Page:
With a brilliant drink selection ranging from real ales, Scottish Whiskys and their own twist on some classic cocktails, The Queens Arms is a pub to cater to all tastes.


49 Fredrick Street | Edinburgh | EH2 1EP
Cocktail Recipe: Much too good for children
Mixologist: Alec Trousdale

A really nice whisky based drink, using Auchentoshan three wood, a triple distilled heavily sherried lowland malt, Araku coffee liqueur, half ‘n’ half and chocolate bitters. Serve in a crystal flute with dark chocolate shavings on top as a garnish

37.5ml Auchentoshan three wood whisky
25ml Araku
50ml half ‘n’ half (as the name suggests half milk, half cream)
2 dash Aztec chocolate bitters

1. Shake all ingredients together
2. Fine strain into glass
3. Grate chocolate on top



If you would like to really indulge with chocolate then this delicious cake is just for you for chocolate week!

Lyle’s Chocolaty Fudge Cake

Serves:  8-10

Prep time:  30 minutes

Cooking time: 30 minutes


for the cake

75g (3oz) cocoa

9 tbsp boiling water

150g (5oz) unsalted butter, softened

110g (4oz) Lyle’s Golden Syrup

315g (11oz) Tate & Lyle’s Golden Caster sugar

4 large eggs

75ml (3 floz) milk

250g (9oz) plain flour, sifted

1½ rounded tsp baking powder

for the filling, icing & decoration

150g (5oz) dark chocolate 70% cocoa solids, broken into pieces

150ml (5floz) double cream

1 tbsp Lyle’s Golden Syrup

8 chocolates

You will also need 2 x 20cm (8”) deep sandwich tins, greased and the bases lined with parchment paper.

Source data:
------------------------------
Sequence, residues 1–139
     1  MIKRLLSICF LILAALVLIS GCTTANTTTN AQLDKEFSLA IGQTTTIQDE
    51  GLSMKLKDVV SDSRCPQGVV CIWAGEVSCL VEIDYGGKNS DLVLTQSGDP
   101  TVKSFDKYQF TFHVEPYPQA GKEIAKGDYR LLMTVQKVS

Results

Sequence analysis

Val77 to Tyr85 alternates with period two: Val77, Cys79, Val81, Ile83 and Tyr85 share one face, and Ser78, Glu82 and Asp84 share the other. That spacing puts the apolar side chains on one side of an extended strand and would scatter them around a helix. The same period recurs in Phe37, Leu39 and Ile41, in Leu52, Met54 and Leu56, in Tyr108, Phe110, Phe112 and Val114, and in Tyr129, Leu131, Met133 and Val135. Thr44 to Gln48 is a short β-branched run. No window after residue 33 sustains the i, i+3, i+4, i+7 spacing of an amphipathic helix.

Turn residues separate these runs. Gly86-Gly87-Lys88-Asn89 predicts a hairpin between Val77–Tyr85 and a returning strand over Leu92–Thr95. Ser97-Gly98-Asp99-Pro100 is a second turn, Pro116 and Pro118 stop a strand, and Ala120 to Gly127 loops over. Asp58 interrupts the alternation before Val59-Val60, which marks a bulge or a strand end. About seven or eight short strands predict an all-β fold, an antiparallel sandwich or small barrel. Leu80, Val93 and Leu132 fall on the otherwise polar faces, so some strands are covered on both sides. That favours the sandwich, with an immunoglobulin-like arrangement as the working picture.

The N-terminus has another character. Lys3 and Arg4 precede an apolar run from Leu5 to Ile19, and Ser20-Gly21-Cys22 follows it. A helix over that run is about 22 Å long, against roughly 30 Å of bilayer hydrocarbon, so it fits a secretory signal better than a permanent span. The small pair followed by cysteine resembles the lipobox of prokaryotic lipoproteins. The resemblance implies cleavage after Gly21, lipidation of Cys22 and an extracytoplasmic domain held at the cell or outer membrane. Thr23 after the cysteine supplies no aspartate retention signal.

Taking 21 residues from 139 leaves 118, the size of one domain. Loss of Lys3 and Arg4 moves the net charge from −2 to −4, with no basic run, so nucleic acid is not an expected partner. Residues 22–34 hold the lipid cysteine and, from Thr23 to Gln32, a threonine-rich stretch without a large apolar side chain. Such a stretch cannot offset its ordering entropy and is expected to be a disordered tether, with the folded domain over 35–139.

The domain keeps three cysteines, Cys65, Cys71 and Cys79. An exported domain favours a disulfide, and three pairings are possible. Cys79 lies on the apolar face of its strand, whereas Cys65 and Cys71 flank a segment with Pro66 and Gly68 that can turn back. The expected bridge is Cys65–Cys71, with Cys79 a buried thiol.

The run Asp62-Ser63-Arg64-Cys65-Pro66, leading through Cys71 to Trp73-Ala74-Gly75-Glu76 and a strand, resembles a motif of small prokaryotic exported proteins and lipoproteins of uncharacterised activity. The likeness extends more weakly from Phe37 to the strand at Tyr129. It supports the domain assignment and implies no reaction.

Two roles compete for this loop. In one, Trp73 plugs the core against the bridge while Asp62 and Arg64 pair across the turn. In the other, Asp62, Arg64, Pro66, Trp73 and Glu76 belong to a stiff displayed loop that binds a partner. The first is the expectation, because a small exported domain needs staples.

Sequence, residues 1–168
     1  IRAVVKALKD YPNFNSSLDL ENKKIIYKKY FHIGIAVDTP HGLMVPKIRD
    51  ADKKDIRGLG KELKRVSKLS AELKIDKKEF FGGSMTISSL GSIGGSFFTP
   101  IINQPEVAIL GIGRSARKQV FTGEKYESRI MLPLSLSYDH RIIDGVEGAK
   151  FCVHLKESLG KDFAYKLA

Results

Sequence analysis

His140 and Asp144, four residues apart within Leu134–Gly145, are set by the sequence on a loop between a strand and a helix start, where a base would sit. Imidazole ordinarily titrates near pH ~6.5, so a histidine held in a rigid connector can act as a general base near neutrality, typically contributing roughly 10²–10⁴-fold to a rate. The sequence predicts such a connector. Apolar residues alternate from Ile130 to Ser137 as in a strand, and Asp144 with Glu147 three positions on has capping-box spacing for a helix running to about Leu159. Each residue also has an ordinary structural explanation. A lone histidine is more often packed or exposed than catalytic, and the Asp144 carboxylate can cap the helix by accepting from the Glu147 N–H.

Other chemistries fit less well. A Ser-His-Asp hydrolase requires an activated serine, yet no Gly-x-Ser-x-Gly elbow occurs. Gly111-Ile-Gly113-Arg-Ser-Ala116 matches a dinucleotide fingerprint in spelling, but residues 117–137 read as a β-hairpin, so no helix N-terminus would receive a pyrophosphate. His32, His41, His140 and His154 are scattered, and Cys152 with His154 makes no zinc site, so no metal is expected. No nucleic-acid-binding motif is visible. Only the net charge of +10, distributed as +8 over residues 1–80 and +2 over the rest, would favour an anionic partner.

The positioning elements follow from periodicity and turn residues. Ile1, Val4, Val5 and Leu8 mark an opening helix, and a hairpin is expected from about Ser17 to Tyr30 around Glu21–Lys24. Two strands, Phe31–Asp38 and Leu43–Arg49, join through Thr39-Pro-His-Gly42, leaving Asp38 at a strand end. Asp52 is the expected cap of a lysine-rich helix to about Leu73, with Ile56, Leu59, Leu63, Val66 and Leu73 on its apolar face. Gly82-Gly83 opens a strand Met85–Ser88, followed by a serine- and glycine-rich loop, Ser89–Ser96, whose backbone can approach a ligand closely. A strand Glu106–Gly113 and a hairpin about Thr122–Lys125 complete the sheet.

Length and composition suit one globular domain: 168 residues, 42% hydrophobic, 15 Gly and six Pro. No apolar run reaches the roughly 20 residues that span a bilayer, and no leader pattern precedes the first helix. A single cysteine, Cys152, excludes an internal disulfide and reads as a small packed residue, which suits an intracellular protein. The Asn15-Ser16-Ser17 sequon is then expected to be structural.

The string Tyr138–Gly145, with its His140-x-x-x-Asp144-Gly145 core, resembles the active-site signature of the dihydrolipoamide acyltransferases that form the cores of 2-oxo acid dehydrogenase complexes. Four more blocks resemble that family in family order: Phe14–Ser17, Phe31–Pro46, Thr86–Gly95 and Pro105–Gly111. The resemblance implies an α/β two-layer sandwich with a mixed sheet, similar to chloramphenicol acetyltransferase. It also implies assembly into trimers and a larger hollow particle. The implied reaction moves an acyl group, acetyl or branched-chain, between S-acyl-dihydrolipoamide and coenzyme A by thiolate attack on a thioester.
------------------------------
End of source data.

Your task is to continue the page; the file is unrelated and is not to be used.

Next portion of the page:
Preheat the oven to 180°C/160°Fan/Gas 4.

In a large bowl mix the cocoa and water together with a wooden spoon until smooth, then add the butter, Lyle’s Golden Syrup, Lyle’s Golden Caster sugar, eggs and milk. Mix again, then sift over the flour and baking powder to make a thick batter.

Spoon the mixture into the cake tins and bake on the middle shelf of the oven for 30 minutes or until risen and a fine skewer comes out clean when inserted in the centre of the cakes.

Leave to cool for 10 minutes, then turn out onto a wire rack and discard the parchment.

For the filling and icing, combine the chocolate, cream and golden syrup in a heatproof bowl set over a pan of simmering water until melted, for about 5 minutes. Stir constantly, then remove from the heat and leave to cool and thicken to a spreading consistency.

Sandwich the cakes together with about half of the chocolate cream, arrange on a plate, then use a palette knife to spread the rest decoratively over the top. Decorate with the chocolates and serve.


Joining our team for the next four issues is US authority on diabetic nutrition and food preparation, Chef Chris Smith. Chef Chris is a Certified Executive Chef with over 20 years experience in the culinary field.  With his focus on healthy cuisine, he is an America-wide recognized author, public speaker and spokesperson for all people affected with diabetes.  In the September issue he has explored our Mexican theme, here’s a taster of one of his fantastic healthy Mexico inspired recipes: head to WH Smiths or subscribe to see the full feature. Over to Chris…



RECIPE: Grilled Lime Shrimp Tacos with Roasted Corn and Avocado Salsa